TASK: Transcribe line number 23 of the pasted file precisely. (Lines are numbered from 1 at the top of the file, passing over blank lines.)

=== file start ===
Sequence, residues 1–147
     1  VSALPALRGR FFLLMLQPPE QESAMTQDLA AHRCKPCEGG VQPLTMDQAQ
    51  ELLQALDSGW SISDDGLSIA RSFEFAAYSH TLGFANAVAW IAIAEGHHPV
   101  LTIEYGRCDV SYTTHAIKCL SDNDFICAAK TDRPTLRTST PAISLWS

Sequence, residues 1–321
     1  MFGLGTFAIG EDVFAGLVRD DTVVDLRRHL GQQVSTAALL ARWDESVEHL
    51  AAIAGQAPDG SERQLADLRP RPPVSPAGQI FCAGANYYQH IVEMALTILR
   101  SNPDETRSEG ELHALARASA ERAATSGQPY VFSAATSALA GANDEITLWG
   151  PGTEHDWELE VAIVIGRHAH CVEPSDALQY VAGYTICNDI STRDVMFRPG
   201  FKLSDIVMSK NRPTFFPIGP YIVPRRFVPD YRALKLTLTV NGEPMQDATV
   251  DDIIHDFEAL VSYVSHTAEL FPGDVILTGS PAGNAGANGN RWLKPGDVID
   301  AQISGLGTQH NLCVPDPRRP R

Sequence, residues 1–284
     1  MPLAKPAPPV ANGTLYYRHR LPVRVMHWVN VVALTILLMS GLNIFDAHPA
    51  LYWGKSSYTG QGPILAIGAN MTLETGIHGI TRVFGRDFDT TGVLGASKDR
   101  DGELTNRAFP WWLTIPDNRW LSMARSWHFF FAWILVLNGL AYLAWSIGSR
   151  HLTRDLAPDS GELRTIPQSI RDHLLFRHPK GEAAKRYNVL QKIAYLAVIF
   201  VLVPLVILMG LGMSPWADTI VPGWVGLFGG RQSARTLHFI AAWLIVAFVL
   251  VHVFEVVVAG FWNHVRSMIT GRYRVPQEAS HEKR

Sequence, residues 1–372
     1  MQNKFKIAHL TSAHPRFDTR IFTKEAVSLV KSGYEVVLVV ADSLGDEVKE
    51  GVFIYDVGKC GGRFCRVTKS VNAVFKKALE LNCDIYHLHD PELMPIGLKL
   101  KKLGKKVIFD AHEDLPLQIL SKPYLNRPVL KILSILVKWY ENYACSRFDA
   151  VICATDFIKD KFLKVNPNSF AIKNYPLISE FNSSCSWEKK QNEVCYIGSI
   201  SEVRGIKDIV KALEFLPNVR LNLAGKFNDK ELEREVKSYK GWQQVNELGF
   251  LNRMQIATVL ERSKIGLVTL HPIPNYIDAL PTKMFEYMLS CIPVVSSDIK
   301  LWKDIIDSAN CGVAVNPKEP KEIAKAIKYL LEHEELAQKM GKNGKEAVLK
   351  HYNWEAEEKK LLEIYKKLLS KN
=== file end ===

   101  KKLGKKVIFD AHEDLPLQIL SKPYLNRPVL KILSILVKWY ENYACSRFDA